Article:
Department of Agriculture, Fisheries and Forestry secretary Andrew Metcalfe will retire in August, after telling staff on Tuesday "now is the right time".
Mr Metcalfe has served in the role since February 2020, and has led three departments since commencing his career in the federal public service in 1980 as an administrative trainee.
Former prime minister John Howard first appointed him as secretary of the then-Department of Immigration and Multicultural and Indigenous Affairs in July 2005. He was reappointed to that role by former prime minister Kevin Rudd in 2009.
Mr Metcalfe was appointed to lead the agriculture department in 2013 by former prime minister Julia Gillard, a job he lost later that year when the Abbott government was elected.
He then worked in the private sector, as a partner at Big Four firm Ernst & Young, for six years until he was reappointed agriculture secretary by former prime minister Scott Morrison in 2020.
'An extraordinary job, but it is relentless'
He will retire on August 4, 18 months before his term was due to end in January 2025, telling staff he was making the announcement now so that steps could begin to choose his successor.
"I've thought long and hard about when I should retire from full-time work, and quite simply, now is the right time," the department secretary wrote to staff.
"This is an extraordinary job, but it is relentless, particularly so in recent years as we've collectively worked to support our industries through COVID, and in progressing so many issues.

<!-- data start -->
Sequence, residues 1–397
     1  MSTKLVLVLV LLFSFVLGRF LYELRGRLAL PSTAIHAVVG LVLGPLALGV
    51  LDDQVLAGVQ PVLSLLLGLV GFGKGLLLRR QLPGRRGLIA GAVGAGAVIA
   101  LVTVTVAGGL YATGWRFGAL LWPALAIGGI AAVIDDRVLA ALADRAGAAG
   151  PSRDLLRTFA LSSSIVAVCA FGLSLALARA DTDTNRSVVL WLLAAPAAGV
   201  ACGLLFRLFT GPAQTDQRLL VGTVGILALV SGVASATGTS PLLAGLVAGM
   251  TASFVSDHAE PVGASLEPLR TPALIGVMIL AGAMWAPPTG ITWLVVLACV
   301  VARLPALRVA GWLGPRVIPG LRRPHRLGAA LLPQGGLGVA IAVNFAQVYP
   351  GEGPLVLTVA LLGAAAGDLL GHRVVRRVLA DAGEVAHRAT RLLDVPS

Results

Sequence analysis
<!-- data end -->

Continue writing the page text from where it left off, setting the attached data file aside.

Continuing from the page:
"The ever-present weight of protecting our borders from threats of biosecurity incursions, and of ensuring the wellbeing and safety of all of our staff, has been with me every day and every night over the last three-and-a-half years."
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Mr Metcalfe has led the department through a period of cuts to contractors, travel and training in recent months as a funding shortfall threatened stability.
Department officials told a joint parliamentary inquiry in April that the funding issues were caused by fees and charges which hadn't been adjusted in line with the cost of services, as well as biosecurity threats and trade disruptions.
Mr Metcalfe said he was "very pleased" with a $127 million funding package allocated to the department in the federal budget, adding it would be "for the first time, long-term predictable and sustainable funding for biosecurity".
Metcalfe thanks public servants for 'tireless efforts'
He expressed his "deepest appreciation" to staff for their work.
"Your dedication, expertise and commitment are truly remarkable," he said.
"I have had the privilege of witnessing firsthand your tireless efforts to support Australia's biosecurity and advance the sustainable future of our agricultural, forestry and fishing industries - which in turn ensure our food security and the success of vital parts of our economy, particularly in regional and rural Australia."
He wrote he had enjoyed working with 15 different ministers during his time in senior public service roles and said Agriculture Minister Murray Watt was "a very strong and capable leader and advocate for the interests of our agriculture, fishing and forestry industries, and for the public service".
He also highlighted his time as a chief of staff for then-Minister for Immigration and Multicultural Affairs Philip Ruddock in 1996 and 1997.
"That was part of the long-standing Australian tradition of senior public servants working directly for a minister, and then being able to return to the public service without being seen by either side of politics as partisan."
Mr Metcalfe said he would be busy in coming weeks, but would then enjoy a long-overdue holiday with his family upon stepping down.
"And I'll be thinking about how I can best serve, in different ways, in the future."
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